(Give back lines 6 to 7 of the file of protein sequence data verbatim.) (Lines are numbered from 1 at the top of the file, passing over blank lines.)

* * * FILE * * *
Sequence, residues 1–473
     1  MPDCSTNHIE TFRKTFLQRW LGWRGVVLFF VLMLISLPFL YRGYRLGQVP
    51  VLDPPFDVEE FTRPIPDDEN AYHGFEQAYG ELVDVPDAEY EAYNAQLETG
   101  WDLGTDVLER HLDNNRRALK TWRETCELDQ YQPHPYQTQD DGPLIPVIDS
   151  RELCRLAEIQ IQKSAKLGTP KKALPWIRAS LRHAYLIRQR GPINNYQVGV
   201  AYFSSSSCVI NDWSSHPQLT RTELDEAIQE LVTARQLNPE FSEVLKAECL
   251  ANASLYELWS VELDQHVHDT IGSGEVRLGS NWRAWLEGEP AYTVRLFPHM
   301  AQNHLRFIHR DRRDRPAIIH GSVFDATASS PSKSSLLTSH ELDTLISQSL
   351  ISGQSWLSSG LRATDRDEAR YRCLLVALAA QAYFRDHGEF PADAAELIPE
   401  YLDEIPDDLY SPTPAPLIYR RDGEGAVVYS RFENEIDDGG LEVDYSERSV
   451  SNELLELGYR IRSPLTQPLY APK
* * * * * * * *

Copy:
   201  AYFSSSSCVI NDWSSHPQLT RTELDEAIQE LVTARQLNPE FSEVLKAECL
   251  ANASLYELWS VELDQHVHDT IGSGEVRLGS NWRAWLEGEP AYTVRLFPHM